- Sermon Notes
You Are Not Forgotten
1 Samuel 16:1-13
Intro: Earning my spot.
This morning we are going to studying in 1 Samuel chapter 16. Prior to this chapter, a man named Saul at the insistence of the people of Israel, was made king (1 Samuel 8:5, 10:1). The choice of crowning an earthly king was not a part of the Lords perfect will. Nonetheless, Saul was anointed by God through Samuel, and he did not measure up as the king God would have for his people.
Saul made one mistake after another, ultimately rejecting the word of the Lord. Ultimately, it was made clear to Samuel the prophet and then to Saul, that the Lord had rejected Saul as king. While Saul would remain enthroned for many years, the next king would be anointed immediately. This next king would be an unlikely choice on the surface, an overlooked son of Jesse, but the Lord makes it clear that He does not see as man sees; those who may be overlooked or forgotten by man, can be the next to be chosen by God.
Read: 1 Samuel 16:1-13
David, the youngest of Jesse’s 8 sons, is out in the field tending sheep. While he too was a son of Jesse, it seems that in the eyes of his earthly father, he was only fit for tending sheep. What I love about this story is that God picks the next shepherd of Israel out of the sheep pasture.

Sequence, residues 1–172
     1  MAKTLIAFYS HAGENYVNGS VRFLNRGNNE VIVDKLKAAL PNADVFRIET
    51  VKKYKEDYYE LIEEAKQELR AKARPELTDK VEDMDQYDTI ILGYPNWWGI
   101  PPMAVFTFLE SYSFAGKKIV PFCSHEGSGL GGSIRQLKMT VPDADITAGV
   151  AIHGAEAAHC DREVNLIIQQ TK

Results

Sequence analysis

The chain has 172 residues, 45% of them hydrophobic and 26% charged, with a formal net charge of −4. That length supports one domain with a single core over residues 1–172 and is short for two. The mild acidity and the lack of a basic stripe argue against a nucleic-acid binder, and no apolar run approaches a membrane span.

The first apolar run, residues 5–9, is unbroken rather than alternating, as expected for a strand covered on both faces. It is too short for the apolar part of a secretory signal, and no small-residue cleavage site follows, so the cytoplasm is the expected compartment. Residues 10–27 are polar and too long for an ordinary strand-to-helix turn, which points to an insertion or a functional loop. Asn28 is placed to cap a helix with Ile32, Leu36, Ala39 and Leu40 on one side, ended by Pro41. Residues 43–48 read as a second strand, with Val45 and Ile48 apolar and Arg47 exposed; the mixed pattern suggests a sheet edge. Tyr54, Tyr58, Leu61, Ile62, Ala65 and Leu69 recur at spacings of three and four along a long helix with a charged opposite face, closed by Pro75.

You may not be in the position, job, or place you want to be today. If that is true of your life today, know that you are not forgotten. The Lord knows right where you are and He is more concerned with your heart than your position. There is a song we used to sing for worship: “He knows my name, He knows my every thought.”
I. Take Courage
- In this life, we most often judge people based on how they look, behave, dress, talk, or carry themselves. But God sees through all of that.
- Israel had already made this mistake with their first king. Saul looked the part but he didn’t have the heart a king of God’s people should have.
- As Samuel seeks to anoint the next king, it would be based on the heart.
A. God looks at the heart
- Jesse brings his seven strapping sons before Samuel, but none are “the one.”
- Eliab comes first and as Samuel looks at him, he thinks, “This man sure looks like a king. This must be the one God would have me anoint.”
- Samuel saw a tall, good looking young man who looked like a great king and leader.
- The Lord however makes one thing clear, this decision won’t be made on appearance. Not on his height or stature, this first one, the one you think is surely the anointed, he has been rejected.
1 Samuel 16:7, “God sees not as man sees, for man looks at the outward appearance, but the Lord looks at the heart.”
- Essentially what is being said is, “Your natural inclination is to only judge on outward appearance. But I can judge the heart that you cannot
see. So, look to me for this selection and don’t be so quick to judge based on outward appearance.”
- As we studied Revelation 20 recently, we saw that in the millennial kingdom, where Jesus is ruling and reigning, outward conformity was required, yet
still, the Lord was concerned with the heart.
- True at the end, true in David’s day and true today, God is concerned with the heart.
Isaiah 29:13, The Lord says: “These people come near to me with their mouth and honor me with their lips, but their hearts are far from me.”